How to Grow Bigger Bucks: Selective Deer Hunting for Improvement

Question: “I have land for deer hunting in Eastern Kansas. I want to grow bigger bucks, but I know that I have several full-rack whitetail bucks that I have seen this hunting season with missing brow tines. Should I remove these deer from my herd? In addition, I am also seeing quite a few spikes, most of them with spikes that are more than 10 inches in length, with decent mass too. Should these bucks be taken or will they grow to be larger bucks in the future? Any deer management info for this situation would be appreciated.”



Response: If you want to produce and grow bigger bucks, then I suggest learning as much as you can about deer management techniques. Manipulation of habitat and selective deer harvest can help by improving age and modifying genetics. Of course, property size is important in how much you can do for the deer in your area. The more property you have, the more you can do to help the animals in your area.

Learn How to Grow Bigger Bucks Through Selective Deer Harvest

My first recommendation is to learn to age deer on the hoof. It really helps to judge a buck by his head gear based on his age. Bucks with missing brow tines should be candidates for harvest. This also goes for spikes, especially if they are 2.5 years of age or older. Most spikes are yearling bucks (1.5 years of age), and can be shot to allow the best bucks to grow and reproduce. Shooting spikes will decrease the number of bucks that reach maturity though. You must decide if you want to allow the best bucks to grow, or simply just have more mature deer.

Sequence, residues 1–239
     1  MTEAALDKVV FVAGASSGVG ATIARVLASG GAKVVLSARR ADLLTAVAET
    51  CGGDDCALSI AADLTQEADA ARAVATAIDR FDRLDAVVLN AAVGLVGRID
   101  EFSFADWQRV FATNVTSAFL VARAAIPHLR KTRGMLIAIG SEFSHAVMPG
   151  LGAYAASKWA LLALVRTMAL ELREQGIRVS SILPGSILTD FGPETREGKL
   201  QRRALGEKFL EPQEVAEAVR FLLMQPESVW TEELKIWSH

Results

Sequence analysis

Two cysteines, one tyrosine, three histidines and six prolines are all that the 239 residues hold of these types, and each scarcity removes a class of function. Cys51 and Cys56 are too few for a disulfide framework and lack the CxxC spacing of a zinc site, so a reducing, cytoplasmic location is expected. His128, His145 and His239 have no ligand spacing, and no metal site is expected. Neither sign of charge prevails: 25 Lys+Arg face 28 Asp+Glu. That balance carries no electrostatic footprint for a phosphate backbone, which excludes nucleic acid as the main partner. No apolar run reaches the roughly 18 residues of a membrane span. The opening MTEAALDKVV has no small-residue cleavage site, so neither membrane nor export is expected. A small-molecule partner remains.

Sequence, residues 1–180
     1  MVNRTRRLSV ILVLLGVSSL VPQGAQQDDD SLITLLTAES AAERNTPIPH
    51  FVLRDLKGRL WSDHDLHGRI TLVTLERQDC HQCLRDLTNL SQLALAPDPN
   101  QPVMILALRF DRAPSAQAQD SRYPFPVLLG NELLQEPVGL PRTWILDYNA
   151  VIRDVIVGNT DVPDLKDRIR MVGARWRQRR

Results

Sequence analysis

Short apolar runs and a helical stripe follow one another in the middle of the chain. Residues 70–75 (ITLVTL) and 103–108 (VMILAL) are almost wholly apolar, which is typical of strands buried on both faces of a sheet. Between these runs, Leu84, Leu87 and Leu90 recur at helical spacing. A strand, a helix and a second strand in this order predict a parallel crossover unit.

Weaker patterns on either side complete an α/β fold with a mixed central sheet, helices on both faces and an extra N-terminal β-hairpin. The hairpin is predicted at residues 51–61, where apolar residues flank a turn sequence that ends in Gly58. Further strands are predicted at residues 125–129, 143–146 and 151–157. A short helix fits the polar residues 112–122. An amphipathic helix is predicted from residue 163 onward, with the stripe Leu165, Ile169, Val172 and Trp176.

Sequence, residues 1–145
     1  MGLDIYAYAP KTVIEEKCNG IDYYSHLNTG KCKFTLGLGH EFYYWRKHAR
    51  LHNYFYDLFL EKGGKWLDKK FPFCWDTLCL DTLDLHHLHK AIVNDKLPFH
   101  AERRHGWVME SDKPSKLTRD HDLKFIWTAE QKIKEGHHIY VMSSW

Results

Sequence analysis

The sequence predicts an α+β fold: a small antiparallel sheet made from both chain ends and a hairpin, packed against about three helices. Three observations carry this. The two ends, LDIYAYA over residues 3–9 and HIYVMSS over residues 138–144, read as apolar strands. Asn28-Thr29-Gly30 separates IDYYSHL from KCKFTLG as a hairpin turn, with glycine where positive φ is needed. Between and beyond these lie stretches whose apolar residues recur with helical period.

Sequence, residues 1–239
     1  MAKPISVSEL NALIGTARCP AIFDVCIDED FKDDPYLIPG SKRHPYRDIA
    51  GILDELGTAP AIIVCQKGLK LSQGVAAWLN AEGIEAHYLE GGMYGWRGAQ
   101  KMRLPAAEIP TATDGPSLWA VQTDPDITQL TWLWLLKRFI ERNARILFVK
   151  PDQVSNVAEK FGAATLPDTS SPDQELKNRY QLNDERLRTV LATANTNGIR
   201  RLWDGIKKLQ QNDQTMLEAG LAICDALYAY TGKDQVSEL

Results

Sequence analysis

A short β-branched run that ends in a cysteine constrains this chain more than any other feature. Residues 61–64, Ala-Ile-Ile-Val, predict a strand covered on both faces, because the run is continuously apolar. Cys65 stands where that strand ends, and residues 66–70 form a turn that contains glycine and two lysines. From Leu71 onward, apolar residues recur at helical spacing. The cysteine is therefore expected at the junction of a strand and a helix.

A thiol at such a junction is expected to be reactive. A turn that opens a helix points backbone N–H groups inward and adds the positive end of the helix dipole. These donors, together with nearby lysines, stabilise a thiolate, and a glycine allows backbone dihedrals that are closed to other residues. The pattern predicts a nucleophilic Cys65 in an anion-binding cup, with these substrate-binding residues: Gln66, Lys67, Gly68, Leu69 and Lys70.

Antler characteristics are based on genetics, so what you see is what you get. Young bucks with better than average antlers will grow up to be much better deer than say two or four point yearling bucks. Land owners that want to grow bigger bucks must manage for age, genetics and nutrition. Keep the deer numbers and the appropriate level for your habitat and that will help the bucks on your property reach their genetic potential. Selective deer hunting is just one part of the equation, but no important than the other two elements.

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